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Epidemiology and neurological complications of infection by the Zika virus: a new emerging neurotropic virus.
Rev Neurol 2016; 62(7):317-28RN

Abstract

INTRODUCTION

The current epidemic outbreak due to Zika virus began in 2015 and since then it has been reported in 31 countries and territories in America. The epidemiological and clinical aspects related to infection by Zika virus are reviewed.

DEVELOPMENT

Since 2007, 55 countries in America, Asia, Africa and Oceania have detected local transmission of the virus. This epidemic has affected almost 1.5 million people in Brazil. 80% of the cases are asymptomatic. The symptoms of Zika virus disease include fever, maculopapular rash, arthralgia and non-purulent conjunctivitis. The symptoms are usually self-limiting and last one week. An increase in the incidence of cases of microcephaly, retinal lesions and Guillain-Barre syndrome associated with the Zika virus has been reported. Zika-associated Guillain-Barre syndrome in Polynesia is a pure motor axonal variant. The RNA of the Zika virus has been identified in samples of brain tissue, placenta and amniotic liquid of children with microcephaly and in the still-born infants of women infected by Zika during pregnancy. The reverse transcription polymerase chain reaction test is recommended to detect viral RNA, and serological tests (IgM ELISA and neutralising antibodies) should be conducted to confirm infection by Zika. The differential diagnosis includes infection by the dengue and chikungunya viruses.

CONCLUSIONS

Knowledge about the pathogenic mechanisms involved in infection due to Zika virus and its long-term consequences in adults and newborn infants is still limited.

Authors+Show Affiliations

Raigmore Hospital, Inverness, Reino Unido.

Pub Type(s)

Journal Article
Review

Language

eng spa

PubMed ID

26988170

Citation

Carod-Artal, Francisco J.. "Epidemiology and Neurological Complications of Infection By the Zika Virus: a New Emerging Neurotropic Virus." Revista De Neurologia, vol. 62, no. 7, 2016, pp. 317-28.
Carod-Artal FJ. Epidemiology and neurological complications of infection by the Zika virus: a new emerging neurotropic virus. Rev Neurol. 2016;62(7):317-28.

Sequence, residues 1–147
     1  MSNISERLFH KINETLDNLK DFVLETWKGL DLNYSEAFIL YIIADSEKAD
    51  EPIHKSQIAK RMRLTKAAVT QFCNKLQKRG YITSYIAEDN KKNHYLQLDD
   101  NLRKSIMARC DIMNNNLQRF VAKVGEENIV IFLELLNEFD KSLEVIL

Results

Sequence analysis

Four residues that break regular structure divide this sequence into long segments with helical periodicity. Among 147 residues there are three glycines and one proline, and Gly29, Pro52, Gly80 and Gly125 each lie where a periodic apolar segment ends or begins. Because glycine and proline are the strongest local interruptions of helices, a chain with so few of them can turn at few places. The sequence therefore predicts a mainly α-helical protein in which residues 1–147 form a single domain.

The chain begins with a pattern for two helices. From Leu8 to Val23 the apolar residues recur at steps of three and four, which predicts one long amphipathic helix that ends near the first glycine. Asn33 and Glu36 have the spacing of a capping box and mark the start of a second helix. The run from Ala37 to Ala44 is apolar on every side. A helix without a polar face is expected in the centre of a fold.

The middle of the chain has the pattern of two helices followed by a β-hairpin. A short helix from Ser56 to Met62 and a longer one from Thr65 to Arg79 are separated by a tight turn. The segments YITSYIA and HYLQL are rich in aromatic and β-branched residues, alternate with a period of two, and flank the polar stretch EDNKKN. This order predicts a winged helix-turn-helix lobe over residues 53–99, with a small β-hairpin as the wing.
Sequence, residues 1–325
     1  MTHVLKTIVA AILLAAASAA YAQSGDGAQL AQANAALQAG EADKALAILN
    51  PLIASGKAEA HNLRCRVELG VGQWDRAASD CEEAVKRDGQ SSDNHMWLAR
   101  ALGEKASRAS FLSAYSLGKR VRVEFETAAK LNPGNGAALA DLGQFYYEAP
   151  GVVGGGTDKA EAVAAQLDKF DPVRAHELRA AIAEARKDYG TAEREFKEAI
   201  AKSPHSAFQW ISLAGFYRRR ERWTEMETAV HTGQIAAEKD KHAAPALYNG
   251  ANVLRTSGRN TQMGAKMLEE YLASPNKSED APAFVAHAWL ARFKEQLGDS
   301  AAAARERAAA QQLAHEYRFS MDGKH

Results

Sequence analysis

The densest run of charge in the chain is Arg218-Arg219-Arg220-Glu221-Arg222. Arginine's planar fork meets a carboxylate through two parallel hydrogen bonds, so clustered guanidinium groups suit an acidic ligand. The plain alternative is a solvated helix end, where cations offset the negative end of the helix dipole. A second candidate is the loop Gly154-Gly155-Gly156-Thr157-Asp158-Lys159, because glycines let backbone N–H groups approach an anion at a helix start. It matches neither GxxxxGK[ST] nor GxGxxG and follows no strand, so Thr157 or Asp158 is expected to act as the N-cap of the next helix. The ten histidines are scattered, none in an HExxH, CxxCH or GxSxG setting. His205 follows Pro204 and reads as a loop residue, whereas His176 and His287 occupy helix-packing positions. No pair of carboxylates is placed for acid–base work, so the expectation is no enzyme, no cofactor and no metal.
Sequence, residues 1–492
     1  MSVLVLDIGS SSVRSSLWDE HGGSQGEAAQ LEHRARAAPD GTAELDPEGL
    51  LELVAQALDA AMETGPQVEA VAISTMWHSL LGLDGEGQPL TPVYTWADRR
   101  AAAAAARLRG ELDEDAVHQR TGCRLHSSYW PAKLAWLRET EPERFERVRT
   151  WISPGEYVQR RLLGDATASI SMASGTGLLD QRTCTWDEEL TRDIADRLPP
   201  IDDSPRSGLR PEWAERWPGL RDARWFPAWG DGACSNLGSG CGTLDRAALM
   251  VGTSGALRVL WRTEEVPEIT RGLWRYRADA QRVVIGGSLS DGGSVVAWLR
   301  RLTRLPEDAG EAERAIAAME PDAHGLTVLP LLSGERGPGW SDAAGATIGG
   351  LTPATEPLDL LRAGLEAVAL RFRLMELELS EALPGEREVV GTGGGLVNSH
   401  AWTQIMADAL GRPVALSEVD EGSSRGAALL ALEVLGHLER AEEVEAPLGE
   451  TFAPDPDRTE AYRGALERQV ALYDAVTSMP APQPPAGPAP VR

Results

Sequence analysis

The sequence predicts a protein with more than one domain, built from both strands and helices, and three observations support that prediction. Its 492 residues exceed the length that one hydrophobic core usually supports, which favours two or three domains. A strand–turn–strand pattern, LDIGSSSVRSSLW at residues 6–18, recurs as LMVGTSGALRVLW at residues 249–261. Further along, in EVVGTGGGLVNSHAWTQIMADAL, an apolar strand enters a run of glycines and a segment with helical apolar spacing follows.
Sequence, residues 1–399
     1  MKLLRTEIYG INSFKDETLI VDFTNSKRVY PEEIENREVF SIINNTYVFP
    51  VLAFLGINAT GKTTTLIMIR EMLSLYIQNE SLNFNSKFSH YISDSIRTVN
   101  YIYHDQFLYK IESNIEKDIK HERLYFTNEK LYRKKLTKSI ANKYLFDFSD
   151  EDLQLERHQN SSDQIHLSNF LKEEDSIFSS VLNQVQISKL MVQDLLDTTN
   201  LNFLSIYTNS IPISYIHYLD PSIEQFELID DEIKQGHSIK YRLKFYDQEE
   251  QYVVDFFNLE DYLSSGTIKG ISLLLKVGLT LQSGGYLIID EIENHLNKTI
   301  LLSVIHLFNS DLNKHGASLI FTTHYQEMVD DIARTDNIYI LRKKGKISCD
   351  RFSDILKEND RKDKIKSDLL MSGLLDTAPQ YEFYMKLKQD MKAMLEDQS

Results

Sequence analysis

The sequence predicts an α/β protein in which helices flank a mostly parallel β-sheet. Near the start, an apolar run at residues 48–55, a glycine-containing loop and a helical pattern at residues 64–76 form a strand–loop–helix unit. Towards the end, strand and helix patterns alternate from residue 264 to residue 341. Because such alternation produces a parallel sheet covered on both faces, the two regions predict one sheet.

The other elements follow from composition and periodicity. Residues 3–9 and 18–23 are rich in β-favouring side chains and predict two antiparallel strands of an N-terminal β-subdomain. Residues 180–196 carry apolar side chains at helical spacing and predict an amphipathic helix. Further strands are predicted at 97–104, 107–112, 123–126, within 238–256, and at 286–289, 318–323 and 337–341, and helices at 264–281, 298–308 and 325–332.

Carod-Artal, F. J. (2016). Epidemiology and neurological complications of infection by the Zika virus: a new emerging neurotropic virus. Revista De Neurologia, 62(7), pp. 317-28.
Carod-Artal FJ. Epidemiology and Neurological Complications of Infection By the Zika Virus: a New Emerging Neurotropic Virus. Rev Neurol. 2016 Apr 1;62(7):317-28. PubMed PMID: 26988170.
* Article titles in AMA citation format should be in sentence-case
TY - JOUR T1 - Epidemiology and neurological complications of infection by the Zika virus: a new emerging neurotropic virus. A1 - Carod-Artal,Francisco J, PY - 2016/3/19/entrez PY - 2016/3/19/pubmed PY - 2017/1/6/medline SP - 317 EP - 28 JF - Revista de neurologia JO - Rev Neurol VL - 62 IS - 7 N2 - INTRODUCTION: The current epidemic outbreak due to Zika virus began in 2015 and since then it has been reported in 31 countries and territories in America. The epidemiological and clinical aspects related to infection by Zika virus are reviewed. DEVELOPMENT: Since 2007, 55 countries in America, Asia, Africa and Oceania have detected local transmission of the virus. This epidemic has affected almost 1.5 million people in Brazil. 80% of the cases are asymptomatic. The symptoms of Zika virus disease include fever, maculopapular rash, arthralgia and non-purulent conjunctivitis. The symptoms are usually self-limiting and last one week. An increase in the incidence of cases of microcephaly, retinal lesions and Guillain-Barre syndrome associated with the Zika virus has been reported. Zika-associated Guillain-Barre syndrome in Polynesia is a pure motor axonal variant. The RNA of the Zika virus has been identified in samples of brain tissue, placenta and amniotic liquid of children with microcephaly and in the still-born infants of women infected by Zika during pregnancy. The reverse transcription polymerase chain reaction test is recommended to detect viral RNA, and serological tests (IgM ELISA and neutralising antibodies) should be conducted to confirm infection by Zika. The differential diagnosis includes infection by the dengue and chikungunya viruses. CONCLUSIONS: Knowledge about the pathogenic mechanisms involved in infection due to Zika virus and its long-term consequences in adults and newborn infants is still limited. SN - 1576-6578 UR - https://www.unboundmedicine.com/medline/citation/26988170/Epidemiology_and_neurological_complications_of_infection_by_the_Zika_virus:_a_new_emerging_neurotropic_virus_ L2 - http://www.revneurol.com/LinkOut/formMedLine.asp?Refer=2016152&Revista=RevNeurol DB - PRIME DP - Unbound Medicine ER -